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Old 8th March 2005, 02:44   #1
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Default Age of physics processing units dawns

WE FLEW half the way around the globe to see a cool new marchitecture and we haven't been disappointed. Yet.
After decades of listening about Central Processing Units, years of listening about Graphic Processing Units and millimoments of listening about audio processing units, it is time to learn the new term. It's time to start talking about physics processing units (PPUs).

I have a feeling that we will be talking much more about such PPUs in the near future as these are going to change the way computer games look like. The company behind this marchitecture is called AGEIA and is a "Fabless Company" with lots of investors around, including mighty Taiwanese giant TSMC and the almost almighty Bank'o'America. Here in San Francisco's Games Developer Conference the firm revealed its chip called symbolically PhysX. It’s the world first Physics Processing Unit (PPU), they reckon. These guys have taped out the chip and made a final product and reference card design ready as we write.

The answer is actually an add in card with either PCI Express or a PCI interface with up to 128MB of dedicated GDDR 3 memory that will take over all physics in the games. We saw some cool demos done in software on a laptop of what this card can do. It can operate with 32000 particles/rigid bodies or should I say bones? [You should, Fudo, you should. Ed.] When we talk about fluids, such cards can handle up to 50000 rigid bones. A CPU can do a couple hundred at the most.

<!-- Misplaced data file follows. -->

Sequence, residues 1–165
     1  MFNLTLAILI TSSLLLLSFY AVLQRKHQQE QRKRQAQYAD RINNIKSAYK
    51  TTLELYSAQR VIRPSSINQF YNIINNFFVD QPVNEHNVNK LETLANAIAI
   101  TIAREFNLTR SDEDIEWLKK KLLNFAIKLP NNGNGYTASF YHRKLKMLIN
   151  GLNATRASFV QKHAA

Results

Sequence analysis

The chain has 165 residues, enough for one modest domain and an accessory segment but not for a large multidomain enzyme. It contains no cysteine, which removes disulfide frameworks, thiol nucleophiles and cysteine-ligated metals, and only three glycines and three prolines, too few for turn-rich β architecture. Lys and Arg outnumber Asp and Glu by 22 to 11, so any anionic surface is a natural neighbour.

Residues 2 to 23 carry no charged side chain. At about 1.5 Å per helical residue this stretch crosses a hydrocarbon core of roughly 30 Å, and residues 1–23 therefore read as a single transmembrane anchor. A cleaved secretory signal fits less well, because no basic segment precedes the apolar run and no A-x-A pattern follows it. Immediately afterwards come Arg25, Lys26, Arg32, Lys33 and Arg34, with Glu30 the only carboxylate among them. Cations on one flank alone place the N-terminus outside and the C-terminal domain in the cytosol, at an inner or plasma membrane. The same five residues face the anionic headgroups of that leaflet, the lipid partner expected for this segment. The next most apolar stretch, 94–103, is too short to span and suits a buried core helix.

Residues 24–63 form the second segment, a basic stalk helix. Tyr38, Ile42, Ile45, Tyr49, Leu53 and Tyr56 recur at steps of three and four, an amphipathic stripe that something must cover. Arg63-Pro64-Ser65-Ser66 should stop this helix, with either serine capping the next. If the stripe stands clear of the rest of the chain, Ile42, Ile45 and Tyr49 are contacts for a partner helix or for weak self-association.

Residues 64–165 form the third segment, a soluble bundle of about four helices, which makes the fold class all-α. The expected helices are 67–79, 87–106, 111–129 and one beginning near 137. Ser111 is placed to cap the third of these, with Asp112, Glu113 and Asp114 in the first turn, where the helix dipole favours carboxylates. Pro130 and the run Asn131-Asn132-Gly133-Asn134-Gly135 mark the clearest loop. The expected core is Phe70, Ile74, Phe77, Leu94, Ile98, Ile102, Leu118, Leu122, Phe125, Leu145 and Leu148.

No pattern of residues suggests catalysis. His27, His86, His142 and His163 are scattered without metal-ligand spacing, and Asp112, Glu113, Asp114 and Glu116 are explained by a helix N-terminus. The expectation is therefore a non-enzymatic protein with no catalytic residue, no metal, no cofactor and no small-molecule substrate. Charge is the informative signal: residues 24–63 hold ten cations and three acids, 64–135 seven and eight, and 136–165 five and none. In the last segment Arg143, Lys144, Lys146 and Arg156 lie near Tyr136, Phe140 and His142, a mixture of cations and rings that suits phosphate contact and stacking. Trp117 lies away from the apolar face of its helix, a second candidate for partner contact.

The card operates under 25W (Watts) so the company is still not sure whether it needs an external power connector or not. The chip itself has 125 million transistors and it's quite a large piece of silicon but that's no probbo for TSMC. The chip and card designs are ready, so the company only needs retailers, OEMs and notebook manufacturers to embrace the marchitecture and start releasing designs. There will be cards for notebooks to boost gaming physics on notebooks as well.

The company said it's following the Nvidia business model as it wants to produce the chips and sell them to OEMs and manufacturers that will later make boards based on the design. Or "partners", as the INQUIRER describes such souls.

Companies such as Epic are actually very interested in the marchitecture and we are told that at least 15 significant games are going to be released using this marchitecture. We are told to look for the games by the end of the year and that's the timing for the so called "time to market".

We saw some cool demos where the company demonstrated "liquid fluids" with many "bones" and you can see the "lava" and "water" stimulations that look much better than ever before. It looks more real and much more alive.

Such cards can give some life to collision detection and can for example make a character go through grass and move every single grass while walking, adding a higher lever of realism into the scene than ever before. Looks cool I have to say. What need for grass?

We also saw some liquid simulations, where you could see blood spilled more realistically than ever before. It's especially good when you blow up a house into the smallest infinitesimal pieces, or bricks and mortar as the INQ calls them. It actually looks out of this world. I cannot imagine this in a war game. It will blow your minds. It almost looks like Bosnia and Herzegovina 12 years back.

Big guys like Gabe Novell, the developer of Half Life 2, asked for more physics and Jon Carmak of Doom 3 wanted the same. The industry likes the marchitecture and developers want to programme for it. The application programming interface (API) is the well known Novadek physics engine and AGEIA actually owns this famous physics engine company. The big publishers have worked on the titles for the last 14 months and you will see some of the releases very soon.

You can expect to see such cards in shops by the end of the year, and the company will release the things when enough developers finish their titles. µ

http://www.theinquirer.net/?article=21648

Finally, something new and innovative for a change.
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